About Elea Lee

Former foster parent, adopting parent, writer, educator committed to child advocacy and providing safe places for children and abuse survivors.

Calvarium 10

I once read about a woman who believed she could dissipate 

…the clouds with her mind

but after much thought I have decided I do not want them to go

I see all their stories

As though God Himself were

Finger painting sand art

Casually insinuating angel wings here or the mirror reflection of the map of China in fluffy white

Clouds like babies come and go

Maybe they too grow up 

Go to college, stop needing us anymore as we gaze up at them snow-globed in blue sky beneath inky infinite wonder, fields of burning stars, 

Called all by name.

When words fail

Poetry or prose.  

For the last three weeks I have had hives. Still have hives.  I have sifted words in and out of how this feels and each time all words have come up short.  They do not stop the itch. Like quack doctors, snake oil salesmen, or phone-a-gypsy psychics they play at reading my palms then leave me with no…

Balm

No remedy

No salve for my slowly metamorphic 

reptilian skin.

So I threaten them with silence or just undoing their fragile orthographic pieces unbending bes and esses into straight black lines

Because from geometry we know

Lines go on forever (in either direction)

Moving away from the itchy round helpless

Woman who once loved them

Out to the ends of time and light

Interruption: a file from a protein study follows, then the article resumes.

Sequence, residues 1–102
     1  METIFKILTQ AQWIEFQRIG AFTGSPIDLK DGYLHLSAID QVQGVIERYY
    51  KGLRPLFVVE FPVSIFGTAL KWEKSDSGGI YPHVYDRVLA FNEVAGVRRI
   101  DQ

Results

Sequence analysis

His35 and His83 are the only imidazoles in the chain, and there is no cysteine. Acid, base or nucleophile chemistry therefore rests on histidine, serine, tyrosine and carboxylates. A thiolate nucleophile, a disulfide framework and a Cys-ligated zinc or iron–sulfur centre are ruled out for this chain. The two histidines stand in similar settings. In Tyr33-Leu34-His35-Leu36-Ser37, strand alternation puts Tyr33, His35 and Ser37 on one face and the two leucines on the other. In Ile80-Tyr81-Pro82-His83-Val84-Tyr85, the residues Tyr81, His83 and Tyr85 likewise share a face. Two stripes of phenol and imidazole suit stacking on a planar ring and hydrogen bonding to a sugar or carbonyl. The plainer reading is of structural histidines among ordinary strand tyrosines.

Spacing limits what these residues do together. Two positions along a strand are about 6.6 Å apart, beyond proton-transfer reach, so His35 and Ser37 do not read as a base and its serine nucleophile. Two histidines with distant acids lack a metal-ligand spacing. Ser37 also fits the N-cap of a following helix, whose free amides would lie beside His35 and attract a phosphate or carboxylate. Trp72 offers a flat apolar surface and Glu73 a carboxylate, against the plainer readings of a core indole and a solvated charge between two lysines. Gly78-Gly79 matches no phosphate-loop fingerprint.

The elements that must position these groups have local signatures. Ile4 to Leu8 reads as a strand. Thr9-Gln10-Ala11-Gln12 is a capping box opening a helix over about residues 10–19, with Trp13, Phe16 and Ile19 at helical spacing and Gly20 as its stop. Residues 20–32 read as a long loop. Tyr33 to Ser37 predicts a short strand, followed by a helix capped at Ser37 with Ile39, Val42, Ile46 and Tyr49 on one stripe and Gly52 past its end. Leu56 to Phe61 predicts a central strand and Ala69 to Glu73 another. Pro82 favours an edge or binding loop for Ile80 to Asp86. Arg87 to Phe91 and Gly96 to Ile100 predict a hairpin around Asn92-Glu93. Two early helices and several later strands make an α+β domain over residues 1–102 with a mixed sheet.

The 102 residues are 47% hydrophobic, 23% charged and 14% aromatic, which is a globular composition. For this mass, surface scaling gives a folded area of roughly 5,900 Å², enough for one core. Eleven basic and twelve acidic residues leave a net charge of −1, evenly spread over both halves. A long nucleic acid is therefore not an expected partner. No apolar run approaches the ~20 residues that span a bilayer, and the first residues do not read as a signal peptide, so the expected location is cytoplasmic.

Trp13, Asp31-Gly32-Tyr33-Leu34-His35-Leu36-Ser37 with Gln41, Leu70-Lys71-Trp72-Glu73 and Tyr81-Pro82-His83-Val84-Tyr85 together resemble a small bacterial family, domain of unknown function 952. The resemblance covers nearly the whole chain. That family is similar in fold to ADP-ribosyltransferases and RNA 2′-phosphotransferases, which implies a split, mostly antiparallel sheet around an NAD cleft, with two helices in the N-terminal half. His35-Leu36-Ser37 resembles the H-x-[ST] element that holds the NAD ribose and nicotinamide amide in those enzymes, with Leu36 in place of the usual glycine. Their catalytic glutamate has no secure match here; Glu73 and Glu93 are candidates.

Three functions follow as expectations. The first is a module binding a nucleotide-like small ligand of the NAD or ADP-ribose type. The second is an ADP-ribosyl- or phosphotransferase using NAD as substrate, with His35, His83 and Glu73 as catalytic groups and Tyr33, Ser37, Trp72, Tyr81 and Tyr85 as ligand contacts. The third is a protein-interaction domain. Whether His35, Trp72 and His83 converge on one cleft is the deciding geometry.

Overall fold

To the place where God 

hears our wordless

Supplications.

Apophenia

not to be confused with epiphany, apophony, or even apotheosis, you nonetheless came to me in a dream where we were improbably happy…

Sing

Rise

Lie

Bind

Feed

Bleed 

Breed

Deem

All these lingual pawns arrayed for something.  Tug of the invisible? The inconsequence of a single human life?  

Spin them out from their mother tongue

Prophesy the child

Miraculously hypothetical

Salt marsh child

So reminiscent of your most beautiful 

Sisters

Calvarium 7

After the helicopter crash I strove to get to him in time but not hard enough.  Our progress was halted for hours on the bayou highway between Lake Charles and Baton Rouge by a jack-knifed produce truck.  Seemingly no injuries besides the greens while in Alabama my father lay prone in the ICU, bandaged skull, sometimes blood seeping from the gauze dressing.

I never saw him like this.  By the time we got there he had moved on to the next thing, loosing the coils of mortality and shaking off any talk of rehabilitation.  

The undertaker told us that if we wanted to see him again in any respectable fashion (my words, not his) a hat would be required.  So we spent most of a day darting in and out of haberdasheries looking for cowboy hats.  He was a cowboy: he deserved a cowboy hat.

But the trick was size-the lingering signs of his fatal fall meant his head was swollen, maybe even still haloed in gauze?  It had to be a proper 10 gallon, XL…I had begun to think I would fail him in this final quixotic endeavor when we found an eclectic store that had beach t’s, jeans, souvenirs, and…cowboy hats.  

It was cream colored, the largest size.  They cut it in half so that it appeared to recede effortlessly nto the pillow.

Covering everything.